OXFORD • Around 30 residents of Lafayette County on Monday night gathered in a small courtroom to deliberate if a Confederate monument standing mere yards away from where they were gathered should be relocated to a different area in the county.

The Lafayette County Board of Supervisors, which consists of all white men, convened a special meeting to listen to proponents and opponents of the statue’s relocation. The monument currently stands in the center of the Oxford Square and on property owned by the county.

“That statue is the most divisive, racial element in Lafayette County,” Dr. Donald Cole, who is an African American, said. “It represents no everlasting truth, and it was based on false promises. It does not represent my heritage nor the heritage of anyone who looks like me.”

Cole, a former associate provost at the University of Mississippi, told the Daily Journal after he spoke that he believes the statue will eventually come down. Now, the question is when it will come down and when elected officials will have the moral courage to make it come down.

“There’s no doubt if the soldier on the top of that statue had won the war, then people like myself would not have any opportunity to enjoy what America is supposed to stand for,” Cole said. “You have to recall that that statue represents individuals that fought against America.”

Opponents of relocating the monument said that those wanting the statue moved have a misunderstanding of the South’s correct history, and if people don’t want to look at the statue, they should not come back to Oxford.

Johnny Morgan, a former state senator, argued that the American Civil War was fought over economic issues, particularly unfair taxes on cotton crops. He also sarcastically said that he “learned a lot” today and should apologize to his teachers for teaching him an incorrect version of history.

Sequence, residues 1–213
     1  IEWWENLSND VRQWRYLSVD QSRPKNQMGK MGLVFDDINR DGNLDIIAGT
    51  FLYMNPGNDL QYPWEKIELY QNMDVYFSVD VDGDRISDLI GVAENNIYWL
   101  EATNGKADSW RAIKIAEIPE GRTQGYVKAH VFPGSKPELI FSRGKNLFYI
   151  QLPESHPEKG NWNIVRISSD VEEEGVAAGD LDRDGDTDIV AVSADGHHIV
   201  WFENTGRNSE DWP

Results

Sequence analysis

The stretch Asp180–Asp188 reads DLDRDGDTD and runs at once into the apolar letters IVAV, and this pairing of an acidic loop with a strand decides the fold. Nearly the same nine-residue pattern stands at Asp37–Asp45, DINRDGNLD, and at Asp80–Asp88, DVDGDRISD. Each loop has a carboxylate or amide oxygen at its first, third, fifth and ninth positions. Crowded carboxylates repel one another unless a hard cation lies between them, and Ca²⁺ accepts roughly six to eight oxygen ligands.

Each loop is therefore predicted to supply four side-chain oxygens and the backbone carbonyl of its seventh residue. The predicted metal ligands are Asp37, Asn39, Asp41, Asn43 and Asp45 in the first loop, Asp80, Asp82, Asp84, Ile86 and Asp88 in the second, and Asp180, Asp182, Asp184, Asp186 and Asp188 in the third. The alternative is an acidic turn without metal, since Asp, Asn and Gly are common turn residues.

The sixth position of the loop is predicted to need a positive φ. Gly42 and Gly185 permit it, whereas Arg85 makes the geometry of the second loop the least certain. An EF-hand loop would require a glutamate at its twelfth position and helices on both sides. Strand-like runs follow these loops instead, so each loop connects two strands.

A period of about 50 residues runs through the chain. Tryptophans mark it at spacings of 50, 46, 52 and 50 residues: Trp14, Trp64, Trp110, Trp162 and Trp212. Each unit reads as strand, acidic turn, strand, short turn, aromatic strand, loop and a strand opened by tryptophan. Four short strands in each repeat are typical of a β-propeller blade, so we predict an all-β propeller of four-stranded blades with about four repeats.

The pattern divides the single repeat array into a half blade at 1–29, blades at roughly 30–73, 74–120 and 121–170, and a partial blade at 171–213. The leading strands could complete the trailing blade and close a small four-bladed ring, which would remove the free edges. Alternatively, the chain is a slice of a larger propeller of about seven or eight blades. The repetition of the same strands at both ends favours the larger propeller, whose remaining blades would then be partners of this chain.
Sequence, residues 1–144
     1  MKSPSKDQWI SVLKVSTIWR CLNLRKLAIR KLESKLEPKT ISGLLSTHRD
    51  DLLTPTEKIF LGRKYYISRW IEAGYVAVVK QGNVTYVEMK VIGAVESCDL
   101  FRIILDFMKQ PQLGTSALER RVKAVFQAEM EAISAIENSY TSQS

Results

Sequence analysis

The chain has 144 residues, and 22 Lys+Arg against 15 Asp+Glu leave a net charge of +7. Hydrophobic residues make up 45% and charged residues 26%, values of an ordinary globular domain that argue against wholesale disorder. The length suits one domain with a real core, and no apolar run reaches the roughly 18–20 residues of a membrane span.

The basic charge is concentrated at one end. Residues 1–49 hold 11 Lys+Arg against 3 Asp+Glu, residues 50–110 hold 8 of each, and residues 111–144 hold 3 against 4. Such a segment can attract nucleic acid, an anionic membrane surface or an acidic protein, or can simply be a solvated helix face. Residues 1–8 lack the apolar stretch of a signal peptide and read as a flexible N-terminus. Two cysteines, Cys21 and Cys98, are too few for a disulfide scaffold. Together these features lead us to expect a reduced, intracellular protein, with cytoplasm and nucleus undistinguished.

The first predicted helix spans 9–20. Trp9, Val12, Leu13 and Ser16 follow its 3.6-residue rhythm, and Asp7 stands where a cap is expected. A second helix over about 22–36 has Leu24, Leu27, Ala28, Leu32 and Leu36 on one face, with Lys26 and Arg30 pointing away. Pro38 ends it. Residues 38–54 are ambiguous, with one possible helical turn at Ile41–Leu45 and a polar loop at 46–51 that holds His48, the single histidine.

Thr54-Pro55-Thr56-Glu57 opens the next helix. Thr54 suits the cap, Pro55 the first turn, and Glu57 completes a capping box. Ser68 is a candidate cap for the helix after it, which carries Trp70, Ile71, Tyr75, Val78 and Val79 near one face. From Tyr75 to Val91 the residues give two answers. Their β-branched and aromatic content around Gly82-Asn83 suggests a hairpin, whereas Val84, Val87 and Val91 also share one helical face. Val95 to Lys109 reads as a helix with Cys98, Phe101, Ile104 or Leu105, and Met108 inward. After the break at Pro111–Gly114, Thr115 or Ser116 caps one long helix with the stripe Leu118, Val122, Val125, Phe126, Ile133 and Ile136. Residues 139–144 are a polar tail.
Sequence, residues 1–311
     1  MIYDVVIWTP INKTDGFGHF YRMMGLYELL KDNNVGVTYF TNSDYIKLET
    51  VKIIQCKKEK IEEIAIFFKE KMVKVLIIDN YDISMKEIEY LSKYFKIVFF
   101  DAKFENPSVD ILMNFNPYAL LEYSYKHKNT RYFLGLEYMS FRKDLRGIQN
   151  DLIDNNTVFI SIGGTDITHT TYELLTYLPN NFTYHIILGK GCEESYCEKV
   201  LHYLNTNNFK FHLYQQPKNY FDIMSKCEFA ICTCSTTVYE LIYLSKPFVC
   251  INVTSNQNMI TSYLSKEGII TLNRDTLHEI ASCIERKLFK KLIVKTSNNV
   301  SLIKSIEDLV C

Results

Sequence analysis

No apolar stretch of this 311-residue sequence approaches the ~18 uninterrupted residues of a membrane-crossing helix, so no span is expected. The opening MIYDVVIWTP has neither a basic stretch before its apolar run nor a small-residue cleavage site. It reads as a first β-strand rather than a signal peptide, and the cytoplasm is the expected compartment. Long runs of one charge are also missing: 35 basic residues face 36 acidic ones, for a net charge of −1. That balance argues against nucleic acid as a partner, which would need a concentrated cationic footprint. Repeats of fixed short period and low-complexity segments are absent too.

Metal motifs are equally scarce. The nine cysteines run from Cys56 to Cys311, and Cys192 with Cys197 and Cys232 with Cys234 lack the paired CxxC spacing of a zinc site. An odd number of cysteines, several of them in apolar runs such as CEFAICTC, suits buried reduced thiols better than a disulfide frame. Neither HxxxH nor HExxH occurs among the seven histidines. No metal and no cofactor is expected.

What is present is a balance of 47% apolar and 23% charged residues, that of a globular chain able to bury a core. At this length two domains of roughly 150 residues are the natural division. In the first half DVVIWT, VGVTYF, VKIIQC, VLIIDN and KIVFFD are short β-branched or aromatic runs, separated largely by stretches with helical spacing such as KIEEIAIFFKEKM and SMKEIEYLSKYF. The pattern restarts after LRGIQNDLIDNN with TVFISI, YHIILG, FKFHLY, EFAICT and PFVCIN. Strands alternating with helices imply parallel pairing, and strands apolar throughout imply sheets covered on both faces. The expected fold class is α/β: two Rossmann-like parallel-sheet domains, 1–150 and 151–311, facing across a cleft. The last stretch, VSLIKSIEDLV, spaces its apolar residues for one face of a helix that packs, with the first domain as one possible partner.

“The people that elected you last November are the ones sitting at home, doing a Bible study and getting ready to work tomorrow,” Morgan said to the supervisors.

The discussion over relocating the statue comes at a time when the University of Mississippi, also in Lafayette County, is in the process of relocating its Confederate statue. The university is moving the statue from the Circle in the center of the campus to the Confederate cemetery, which is currently in a more secluded area of campus.

A current Mississippi statute, the Mississippi Military Memorial Protection Act, prohibits government entities from removing Confederate monuments, although the law does not list any penalties if government bodies simply relocate such statues. The law states that government bodies may relocate war memorials to “a more suitable location.”

Oxford Mayor Robyn Tannehill in a recent Facebook video said that although she and the Oxford Board of Aldermen do not have the authority to relocate the statue, she believes the statue should “be relocated to a more appropriate place.”

“The Confederate statue does not represent our diverse community, and it certainly does not make every resident or visitor feel welcome,” Tannehill said.

In a recent social media post, several student athletes at the university also asked the board of supervisors to relocate the statue.

“We can’t be complacent with progress made thus far. We must continue to move forward in our journey toward equality,” one athlete said.

The supervisors did not share any opinions on their view of the statue, nor did they say if any future action from the board would take place regarding the statue.

Delantric Hunt, who has lived in Oxford for 11 years, urged the board to relocate the statue because he believes it was strategically placed in front of the courthouse to be a symbol of oppression.

“I know we cannot change the past nor are we trying to erase history,” Hunt said. “That is not the goal. By moving the large divider, it will give us a chance to write our present and future as a diverse but unified community – which is the true nature of Oxford and Lafayette County.”


Twitter: @taylor_vance28

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